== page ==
Chia-En Jao (Taipei)

A Lens into the Lives and Dreams of Immigrant Workers:

> Watch Video Recording of Jao’s conversation with Xyza Cruz Bacani and Xiaoyu Weng

Echoing themes in Guggenheim’s exhibition Tales of Our Time, curator Xiaoyu Weng considers two distinct practices that illuminate the often-overshadowed stories of South East Asian immigrant workers in a conversation with Hong Kong-based Filipina street photographer Xyza Cruz Bacani and Taipei based artist Chia-En Jao. Far from objectified and sensationalized popular-media portrayals, Bacani’s photojournalistic approach documents the workers’ everyday reality, while Jao invites them to retell the dreams they had while asleep in front of the video camera; Each weaving subjective experiences that lie between fiction and reality into the larger social fabric.

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FIELD MEETING’s panel, A Lens into the Lives and Dreams of Immigrant Workers: In Conversation with Xyza Cruz Bacani, Chia-En Jao and Xiaoyu Weng, was supported by the Solomon R. Guggenheim Museum & The Robert H. N. Ho Family Foundation Chinese Art Initiative

In Conversation with Xyza Cruz Bacani, Chia-En Jao and Xiaoyu Weng. Lecture Performance documentation FIELD MEETING: Thinking Practice, November 11th at Solomon R. Guggenheim Museum. Photo: Renata Carciofolo.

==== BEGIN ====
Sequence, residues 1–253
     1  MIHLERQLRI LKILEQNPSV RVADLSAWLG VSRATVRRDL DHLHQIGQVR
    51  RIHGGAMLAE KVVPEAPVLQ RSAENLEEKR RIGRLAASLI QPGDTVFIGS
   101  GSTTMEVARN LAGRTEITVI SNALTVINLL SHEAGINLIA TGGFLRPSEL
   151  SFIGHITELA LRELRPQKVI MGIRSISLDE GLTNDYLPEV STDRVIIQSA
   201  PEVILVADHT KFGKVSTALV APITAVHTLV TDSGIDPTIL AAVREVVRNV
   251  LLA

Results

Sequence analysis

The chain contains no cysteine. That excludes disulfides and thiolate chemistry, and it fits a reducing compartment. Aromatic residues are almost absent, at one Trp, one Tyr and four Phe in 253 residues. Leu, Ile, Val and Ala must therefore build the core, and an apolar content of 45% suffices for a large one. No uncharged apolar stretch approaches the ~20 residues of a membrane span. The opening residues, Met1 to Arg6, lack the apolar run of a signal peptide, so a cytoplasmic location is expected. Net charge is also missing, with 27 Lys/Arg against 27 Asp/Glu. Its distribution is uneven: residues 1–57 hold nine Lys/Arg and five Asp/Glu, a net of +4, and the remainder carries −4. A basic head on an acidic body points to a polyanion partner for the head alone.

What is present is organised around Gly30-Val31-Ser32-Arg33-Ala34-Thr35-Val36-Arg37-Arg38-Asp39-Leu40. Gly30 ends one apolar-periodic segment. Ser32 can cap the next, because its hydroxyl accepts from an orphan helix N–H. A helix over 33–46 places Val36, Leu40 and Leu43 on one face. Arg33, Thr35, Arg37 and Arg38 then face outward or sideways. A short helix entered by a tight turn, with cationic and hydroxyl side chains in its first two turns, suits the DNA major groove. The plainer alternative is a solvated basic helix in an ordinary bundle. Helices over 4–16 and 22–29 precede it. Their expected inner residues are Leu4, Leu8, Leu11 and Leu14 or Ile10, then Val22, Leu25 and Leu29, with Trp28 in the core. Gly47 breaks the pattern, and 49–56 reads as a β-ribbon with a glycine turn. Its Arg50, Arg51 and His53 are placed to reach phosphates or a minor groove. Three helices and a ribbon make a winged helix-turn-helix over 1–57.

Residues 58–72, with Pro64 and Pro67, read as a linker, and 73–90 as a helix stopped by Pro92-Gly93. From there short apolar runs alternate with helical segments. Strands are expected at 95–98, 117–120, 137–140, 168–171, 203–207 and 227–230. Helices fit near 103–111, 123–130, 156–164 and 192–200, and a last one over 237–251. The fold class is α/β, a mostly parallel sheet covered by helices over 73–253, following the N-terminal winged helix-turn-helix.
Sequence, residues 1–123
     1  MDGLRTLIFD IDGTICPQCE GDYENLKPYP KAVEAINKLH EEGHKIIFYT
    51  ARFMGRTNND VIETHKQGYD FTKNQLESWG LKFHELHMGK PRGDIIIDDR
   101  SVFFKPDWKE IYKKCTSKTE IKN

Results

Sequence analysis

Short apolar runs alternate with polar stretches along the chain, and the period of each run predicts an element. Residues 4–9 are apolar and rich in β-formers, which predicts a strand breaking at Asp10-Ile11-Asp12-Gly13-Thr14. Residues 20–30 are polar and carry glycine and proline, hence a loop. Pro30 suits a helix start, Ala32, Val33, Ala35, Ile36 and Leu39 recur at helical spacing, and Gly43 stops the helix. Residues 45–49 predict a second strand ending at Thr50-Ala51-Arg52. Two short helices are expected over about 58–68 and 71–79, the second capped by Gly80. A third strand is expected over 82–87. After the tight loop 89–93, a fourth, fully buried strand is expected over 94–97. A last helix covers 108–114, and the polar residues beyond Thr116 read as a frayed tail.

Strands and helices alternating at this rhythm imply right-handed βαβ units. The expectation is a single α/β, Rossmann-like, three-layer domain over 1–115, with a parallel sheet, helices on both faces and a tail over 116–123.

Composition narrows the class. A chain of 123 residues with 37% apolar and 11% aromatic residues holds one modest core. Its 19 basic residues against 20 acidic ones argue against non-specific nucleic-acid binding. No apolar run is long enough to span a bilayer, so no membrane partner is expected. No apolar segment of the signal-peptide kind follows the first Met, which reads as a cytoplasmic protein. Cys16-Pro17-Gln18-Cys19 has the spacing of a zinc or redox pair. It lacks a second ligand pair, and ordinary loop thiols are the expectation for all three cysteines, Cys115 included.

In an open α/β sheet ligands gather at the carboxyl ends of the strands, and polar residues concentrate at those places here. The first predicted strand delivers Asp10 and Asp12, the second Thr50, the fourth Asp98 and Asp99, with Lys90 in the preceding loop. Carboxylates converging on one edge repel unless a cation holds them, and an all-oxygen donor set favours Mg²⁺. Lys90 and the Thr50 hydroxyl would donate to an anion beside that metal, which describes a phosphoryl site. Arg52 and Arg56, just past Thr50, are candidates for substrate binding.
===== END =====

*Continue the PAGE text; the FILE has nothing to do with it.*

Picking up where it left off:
Chia-En Jao’s project-based practice stretches across different mediums, including drawing, performance, site-specific installation, and multichannel video installation. After studying, working, and exhibiting in Europe, Jao returned to Taipei where he currently lives and works. This international experience informs his perspective on the particular conditions of Taiwan’s political, economical, and social situation. His practice—deeply rooted in his local surroundings—has more recently delved into colonial histories and the cross-cultural tensions in the Asia Pacific region. His anthropological and collaborative approach has led him to work with civilian protestors, taxi drivers, and immigrant workers from Southeast Asian countries. For Jao, these personal encounters have generated intriguing and valuable interpretations of history that subtly subvert and question the established, official versions produced by the nation-state and media. Recent exhibitions include, A Voyage to South, Kaohsiung Museum of Fine Arts, Taiwan (2015), Arms, Art Basel Hong Kong (2014), The Pioneers of Taiwanese Artists, 1971-1980, National Taiwan Museum of Fine Arts (2014), What We See, National Museum of Art, Osaka (2013), The 7th Asia Pacific Triennial of Contemporary Art, QAGOMA, Brisbane (2012), Shanghai Biennale 2012, MOCA Shanghai (2012), Taipei Biennal, Taipei Fine Arts Museum (2012).

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